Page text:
West Nile Virus and Burrowing Owls
West Nile Virus emerged in the United States in the late 1990s, causing sometimes fatal disease in humans, horses, and a variety of bird species.
The burrowing owl is a species of special concern in California, but its susceptibility to West Nile Virus is unknown. Despite the known susceptibility of owls to West Nile, the California Raptor Center at UC Davis has received surprisingly few with the disease. It is critical to gain an understanding of the virus's impact on owl species in the state, not only for the conservation of the burrowing owl, but also to protect the entire ecosystem that would be affected by the loss of these predators.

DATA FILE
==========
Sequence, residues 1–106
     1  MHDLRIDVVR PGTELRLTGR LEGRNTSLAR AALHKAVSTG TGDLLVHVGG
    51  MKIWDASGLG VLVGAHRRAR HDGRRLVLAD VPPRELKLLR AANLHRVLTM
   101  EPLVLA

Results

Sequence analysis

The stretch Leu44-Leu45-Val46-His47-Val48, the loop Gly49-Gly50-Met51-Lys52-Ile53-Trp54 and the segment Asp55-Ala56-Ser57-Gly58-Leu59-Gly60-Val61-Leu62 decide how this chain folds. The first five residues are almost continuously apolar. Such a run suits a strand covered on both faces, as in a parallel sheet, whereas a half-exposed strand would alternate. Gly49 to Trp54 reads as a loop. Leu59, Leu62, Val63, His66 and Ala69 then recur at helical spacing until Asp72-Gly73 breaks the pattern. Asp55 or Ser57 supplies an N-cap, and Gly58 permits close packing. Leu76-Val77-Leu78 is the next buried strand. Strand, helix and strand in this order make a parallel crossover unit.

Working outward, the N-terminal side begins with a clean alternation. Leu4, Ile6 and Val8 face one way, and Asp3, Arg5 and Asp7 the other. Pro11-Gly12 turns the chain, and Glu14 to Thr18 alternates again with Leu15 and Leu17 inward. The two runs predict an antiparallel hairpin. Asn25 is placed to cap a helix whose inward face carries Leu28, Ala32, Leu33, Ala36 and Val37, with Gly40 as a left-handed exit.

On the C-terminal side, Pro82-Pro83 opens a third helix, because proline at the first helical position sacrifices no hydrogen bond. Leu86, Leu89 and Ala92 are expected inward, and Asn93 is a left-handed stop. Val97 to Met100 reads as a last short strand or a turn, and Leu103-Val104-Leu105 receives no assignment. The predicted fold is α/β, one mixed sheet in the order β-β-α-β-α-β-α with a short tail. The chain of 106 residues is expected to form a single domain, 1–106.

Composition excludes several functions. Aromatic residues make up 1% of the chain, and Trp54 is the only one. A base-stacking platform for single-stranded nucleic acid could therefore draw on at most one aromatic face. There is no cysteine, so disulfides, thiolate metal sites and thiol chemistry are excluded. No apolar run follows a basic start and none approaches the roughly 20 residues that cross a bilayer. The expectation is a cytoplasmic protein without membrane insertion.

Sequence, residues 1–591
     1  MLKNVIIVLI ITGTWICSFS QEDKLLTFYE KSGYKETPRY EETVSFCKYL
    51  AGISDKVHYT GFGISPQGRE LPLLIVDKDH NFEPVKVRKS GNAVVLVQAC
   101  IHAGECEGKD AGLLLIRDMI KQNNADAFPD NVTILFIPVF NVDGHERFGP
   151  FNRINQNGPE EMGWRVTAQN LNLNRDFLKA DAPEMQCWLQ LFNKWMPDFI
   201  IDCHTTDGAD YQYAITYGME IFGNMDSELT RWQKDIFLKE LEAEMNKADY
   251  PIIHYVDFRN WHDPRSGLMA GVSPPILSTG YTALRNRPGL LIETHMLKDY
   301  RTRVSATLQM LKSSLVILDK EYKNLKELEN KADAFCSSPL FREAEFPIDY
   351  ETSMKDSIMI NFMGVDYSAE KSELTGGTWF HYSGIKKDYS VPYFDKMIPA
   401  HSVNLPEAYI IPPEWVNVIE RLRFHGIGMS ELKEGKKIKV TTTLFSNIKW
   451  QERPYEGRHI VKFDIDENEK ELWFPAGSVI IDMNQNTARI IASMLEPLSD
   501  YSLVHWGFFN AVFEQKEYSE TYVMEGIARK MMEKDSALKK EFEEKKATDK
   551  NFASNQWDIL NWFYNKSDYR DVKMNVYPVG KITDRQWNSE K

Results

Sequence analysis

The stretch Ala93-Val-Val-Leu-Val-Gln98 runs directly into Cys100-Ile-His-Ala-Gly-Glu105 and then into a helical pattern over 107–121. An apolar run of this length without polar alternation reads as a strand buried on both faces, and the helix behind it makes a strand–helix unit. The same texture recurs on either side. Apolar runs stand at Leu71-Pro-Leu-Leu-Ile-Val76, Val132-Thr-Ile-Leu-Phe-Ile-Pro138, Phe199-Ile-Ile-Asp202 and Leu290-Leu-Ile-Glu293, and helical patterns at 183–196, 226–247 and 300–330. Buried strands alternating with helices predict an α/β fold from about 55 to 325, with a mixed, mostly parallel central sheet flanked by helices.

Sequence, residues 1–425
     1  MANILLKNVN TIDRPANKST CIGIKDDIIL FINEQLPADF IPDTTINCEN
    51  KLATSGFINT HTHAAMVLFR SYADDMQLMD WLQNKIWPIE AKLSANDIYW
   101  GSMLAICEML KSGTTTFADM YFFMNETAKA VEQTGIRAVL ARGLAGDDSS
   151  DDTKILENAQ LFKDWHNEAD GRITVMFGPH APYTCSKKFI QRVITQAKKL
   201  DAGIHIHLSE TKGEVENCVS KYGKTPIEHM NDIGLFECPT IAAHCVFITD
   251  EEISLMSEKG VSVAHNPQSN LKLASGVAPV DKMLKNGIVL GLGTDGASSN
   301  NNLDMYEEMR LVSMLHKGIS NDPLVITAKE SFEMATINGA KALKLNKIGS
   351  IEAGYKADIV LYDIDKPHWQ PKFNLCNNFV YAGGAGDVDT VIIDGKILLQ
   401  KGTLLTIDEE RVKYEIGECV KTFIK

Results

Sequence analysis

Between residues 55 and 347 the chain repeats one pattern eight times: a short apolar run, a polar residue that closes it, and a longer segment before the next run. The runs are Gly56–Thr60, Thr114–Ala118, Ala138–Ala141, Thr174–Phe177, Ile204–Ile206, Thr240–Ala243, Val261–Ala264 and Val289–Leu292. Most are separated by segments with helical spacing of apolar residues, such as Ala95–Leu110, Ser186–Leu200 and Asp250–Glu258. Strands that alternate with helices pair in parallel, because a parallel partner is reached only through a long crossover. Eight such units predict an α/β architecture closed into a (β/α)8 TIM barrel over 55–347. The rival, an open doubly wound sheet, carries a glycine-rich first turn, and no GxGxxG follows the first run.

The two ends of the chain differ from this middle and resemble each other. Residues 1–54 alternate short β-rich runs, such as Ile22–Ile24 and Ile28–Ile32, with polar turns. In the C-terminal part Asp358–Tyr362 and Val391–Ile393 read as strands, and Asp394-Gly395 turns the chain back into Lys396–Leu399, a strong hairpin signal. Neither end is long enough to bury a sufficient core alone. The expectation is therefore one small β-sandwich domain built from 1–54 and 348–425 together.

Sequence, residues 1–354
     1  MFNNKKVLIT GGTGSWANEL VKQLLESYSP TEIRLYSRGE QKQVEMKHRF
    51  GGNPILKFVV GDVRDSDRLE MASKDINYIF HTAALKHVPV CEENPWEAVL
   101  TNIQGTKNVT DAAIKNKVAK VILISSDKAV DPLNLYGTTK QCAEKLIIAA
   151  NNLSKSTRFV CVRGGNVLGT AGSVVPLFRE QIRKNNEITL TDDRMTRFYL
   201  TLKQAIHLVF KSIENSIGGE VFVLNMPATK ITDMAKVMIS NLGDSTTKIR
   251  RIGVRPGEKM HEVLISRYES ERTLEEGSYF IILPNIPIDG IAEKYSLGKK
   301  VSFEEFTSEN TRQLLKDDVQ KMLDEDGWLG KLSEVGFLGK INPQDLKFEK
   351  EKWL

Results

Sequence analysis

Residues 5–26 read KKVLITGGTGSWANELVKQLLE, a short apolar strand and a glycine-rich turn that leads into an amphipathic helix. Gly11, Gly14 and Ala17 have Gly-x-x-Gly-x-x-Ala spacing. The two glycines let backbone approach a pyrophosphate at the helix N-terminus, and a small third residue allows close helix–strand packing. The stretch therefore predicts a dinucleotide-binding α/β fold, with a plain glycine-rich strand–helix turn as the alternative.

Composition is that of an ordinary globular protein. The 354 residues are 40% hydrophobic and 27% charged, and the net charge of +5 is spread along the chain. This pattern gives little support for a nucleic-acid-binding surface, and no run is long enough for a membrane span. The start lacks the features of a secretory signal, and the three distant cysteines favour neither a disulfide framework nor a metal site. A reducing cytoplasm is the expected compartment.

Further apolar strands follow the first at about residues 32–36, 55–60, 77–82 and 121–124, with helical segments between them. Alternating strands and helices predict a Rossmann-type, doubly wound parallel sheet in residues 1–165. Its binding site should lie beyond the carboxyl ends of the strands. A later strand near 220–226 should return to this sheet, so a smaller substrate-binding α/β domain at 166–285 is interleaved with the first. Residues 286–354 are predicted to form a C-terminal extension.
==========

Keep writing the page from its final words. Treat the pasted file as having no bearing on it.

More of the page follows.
Drs. Christine Fiorello and Michelle Hawkins propose to quantify the exposure of the more common owl species during a period of high West Nile Virus activity in the region, as well as that of the more threatened species during the whole history of the presence of the virus in the state. Results from this proposed study will begin to answer crucial questions regarding the exposure of owls to West Nile Virus in the Yolo County area of California.